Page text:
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Role of 'Dark Money' in Senate Races Comes to Light Role of 'Dark Money' in Senate Races Comes to Light

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Role of 'Dark Money' in Senate Races Comes to Light

The stream of money-in-politics studies continues today with the latest from Public Citizen.

About half of the money spent in competitive Senate races this cycle came from groups that do not have to disclose their funders, according to the new report. 

Of the $190 million spent in 10 races this year, $90 million was spent by 501(c) nonprofits, which don't have to disclose where funding comes from, while the rest of the spending came from super PACs, according to the the report. 

The study looked at contests in Arizona, Florida, Indiana, Missouri, Montana, Nevada, North Dakota, Ohio, Virginia and Wisconsin and casts a critical eye toward the post-Citizens United phenomenon of unlimited political spending by outside groups--"dark money," as the group calls it.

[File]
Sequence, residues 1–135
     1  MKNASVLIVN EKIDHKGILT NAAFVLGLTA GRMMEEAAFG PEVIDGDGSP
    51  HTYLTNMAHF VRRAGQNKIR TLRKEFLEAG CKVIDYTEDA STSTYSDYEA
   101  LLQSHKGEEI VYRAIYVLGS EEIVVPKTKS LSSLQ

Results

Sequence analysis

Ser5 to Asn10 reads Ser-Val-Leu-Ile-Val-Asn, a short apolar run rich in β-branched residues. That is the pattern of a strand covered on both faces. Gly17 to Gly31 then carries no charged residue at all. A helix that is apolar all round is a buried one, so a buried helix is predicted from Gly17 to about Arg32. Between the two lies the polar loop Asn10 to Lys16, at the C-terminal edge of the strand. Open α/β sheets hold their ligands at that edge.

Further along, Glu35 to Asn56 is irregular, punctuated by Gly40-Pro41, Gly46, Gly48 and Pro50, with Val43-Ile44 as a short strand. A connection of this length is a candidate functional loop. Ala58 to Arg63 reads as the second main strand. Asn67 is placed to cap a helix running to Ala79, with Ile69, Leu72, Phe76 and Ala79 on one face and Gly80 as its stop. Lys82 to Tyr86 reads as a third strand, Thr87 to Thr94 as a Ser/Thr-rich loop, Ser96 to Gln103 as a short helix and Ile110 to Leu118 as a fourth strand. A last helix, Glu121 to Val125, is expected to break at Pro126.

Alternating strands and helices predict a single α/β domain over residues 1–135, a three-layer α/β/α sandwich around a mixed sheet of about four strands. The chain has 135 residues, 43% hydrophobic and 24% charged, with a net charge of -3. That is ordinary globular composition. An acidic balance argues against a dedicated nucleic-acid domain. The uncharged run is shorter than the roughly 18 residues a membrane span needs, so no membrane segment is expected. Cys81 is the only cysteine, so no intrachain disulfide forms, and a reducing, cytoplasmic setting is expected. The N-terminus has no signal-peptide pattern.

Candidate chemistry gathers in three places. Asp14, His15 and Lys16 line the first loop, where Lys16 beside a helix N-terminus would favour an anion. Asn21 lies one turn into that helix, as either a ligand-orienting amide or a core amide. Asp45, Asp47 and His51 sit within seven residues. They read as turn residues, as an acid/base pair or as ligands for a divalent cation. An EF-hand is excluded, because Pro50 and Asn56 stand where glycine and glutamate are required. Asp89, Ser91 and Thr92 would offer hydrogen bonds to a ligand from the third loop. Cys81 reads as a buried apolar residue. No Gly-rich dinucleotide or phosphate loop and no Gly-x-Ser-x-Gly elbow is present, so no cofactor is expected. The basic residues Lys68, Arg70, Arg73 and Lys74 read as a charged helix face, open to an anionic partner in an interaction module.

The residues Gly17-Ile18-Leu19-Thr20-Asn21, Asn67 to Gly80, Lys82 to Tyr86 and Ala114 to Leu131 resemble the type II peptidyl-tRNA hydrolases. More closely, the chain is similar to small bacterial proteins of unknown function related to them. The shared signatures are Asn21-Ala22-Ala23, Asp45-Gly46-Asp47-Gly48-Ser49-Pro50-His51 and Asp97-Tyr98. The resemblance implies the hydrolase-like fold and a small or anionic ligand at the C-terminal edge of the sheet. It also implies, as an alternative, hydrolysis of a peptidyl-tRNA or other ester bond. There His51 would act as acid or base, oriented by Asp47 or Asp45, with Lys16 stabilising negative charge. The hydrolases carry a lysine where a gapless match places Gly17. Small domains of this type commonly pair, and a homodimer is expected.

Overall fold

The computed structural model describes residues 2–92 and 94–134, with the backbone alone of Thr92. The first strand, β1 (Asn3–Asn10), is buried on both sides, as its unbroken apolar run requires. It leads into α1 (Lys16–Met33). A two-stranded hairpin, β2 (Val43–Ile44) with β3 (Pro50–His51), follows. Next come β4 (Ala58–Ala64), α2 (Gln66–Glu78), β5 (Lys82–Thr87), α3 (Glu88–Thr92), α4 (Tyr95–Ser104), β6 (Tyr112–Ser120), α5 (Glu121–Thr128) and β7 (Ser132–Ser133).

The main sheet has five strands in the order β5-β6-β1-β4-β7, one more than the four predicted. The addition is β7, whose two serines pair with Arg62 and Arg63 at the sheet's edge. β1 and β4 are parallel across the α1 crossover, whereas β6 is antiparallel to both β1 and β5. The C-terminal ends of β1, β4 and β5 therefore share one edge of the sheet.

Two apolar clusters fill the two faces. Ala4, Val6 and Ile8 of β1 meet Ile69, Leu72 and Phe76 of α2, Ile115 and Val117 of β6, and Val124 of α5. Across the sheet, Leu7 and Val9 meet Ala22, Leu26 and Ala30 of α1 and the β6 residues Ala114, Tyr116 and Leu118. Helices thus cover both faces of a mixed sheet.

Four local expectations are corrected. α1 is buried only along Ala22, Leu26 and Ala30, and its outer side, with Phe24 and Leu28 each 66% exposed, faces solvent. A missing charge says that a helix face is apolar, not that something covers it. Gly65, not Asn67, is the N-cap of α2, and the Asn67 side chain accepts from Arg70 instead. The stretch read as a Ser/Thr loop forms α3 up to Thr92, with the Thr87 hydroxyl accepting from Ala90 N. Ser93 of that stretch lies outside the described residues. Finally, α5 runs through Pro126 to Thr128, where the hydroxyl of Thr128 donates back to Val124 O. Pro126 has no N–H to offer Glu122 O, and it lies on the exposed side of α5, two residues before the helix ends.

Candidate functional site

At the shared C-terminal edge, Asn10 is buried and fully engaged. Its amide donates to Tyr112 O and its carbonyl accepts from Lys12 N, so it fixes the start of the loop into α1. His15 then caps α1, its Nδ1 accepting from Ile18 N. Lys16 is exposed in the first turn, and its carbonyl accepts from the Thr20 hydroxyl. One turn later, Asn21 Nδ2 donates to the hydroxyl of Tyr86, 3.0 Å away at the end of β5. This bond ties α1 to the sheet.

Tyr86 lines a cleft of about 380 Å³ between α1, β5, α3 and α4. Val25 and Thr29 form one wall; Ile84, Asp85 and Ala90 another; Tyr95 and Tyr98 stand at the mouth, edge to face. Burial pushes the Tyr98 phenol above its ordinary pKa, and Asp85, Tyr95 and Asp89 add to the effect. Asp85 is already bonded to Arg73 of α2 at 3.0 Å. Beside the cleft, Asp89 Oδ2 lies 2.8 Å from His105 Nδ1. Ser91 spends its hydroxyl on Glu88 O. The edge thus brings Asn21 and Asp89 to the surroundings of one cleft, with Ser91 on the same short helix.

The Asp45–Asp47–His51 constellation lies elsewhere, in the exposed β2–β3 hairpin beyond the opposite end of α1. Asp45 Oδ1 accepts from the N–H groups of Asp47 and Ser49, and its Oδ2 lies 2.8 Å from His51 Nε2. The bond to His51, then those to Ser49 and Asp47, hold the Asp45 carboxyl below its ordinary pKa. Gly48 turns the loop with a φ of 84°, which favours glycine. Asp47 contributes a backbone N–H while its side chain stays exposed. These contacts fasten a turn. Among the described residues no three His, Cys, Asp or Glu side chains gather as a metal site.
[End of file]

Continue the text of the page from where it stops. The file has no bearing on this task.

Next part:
"The effect of Citizens United has been to deny the public the opportunity to learn the identity of sponsors behind a large percentage of political ads," said Public Citizen's Lisa Gilbert in a statement. "It is likely that the donors that have been kept secret are those that would be the most controversial, such as corporations seeking favors. Until Congress or agencies mandate disclosure, we will not know the truth. "

Read the report here

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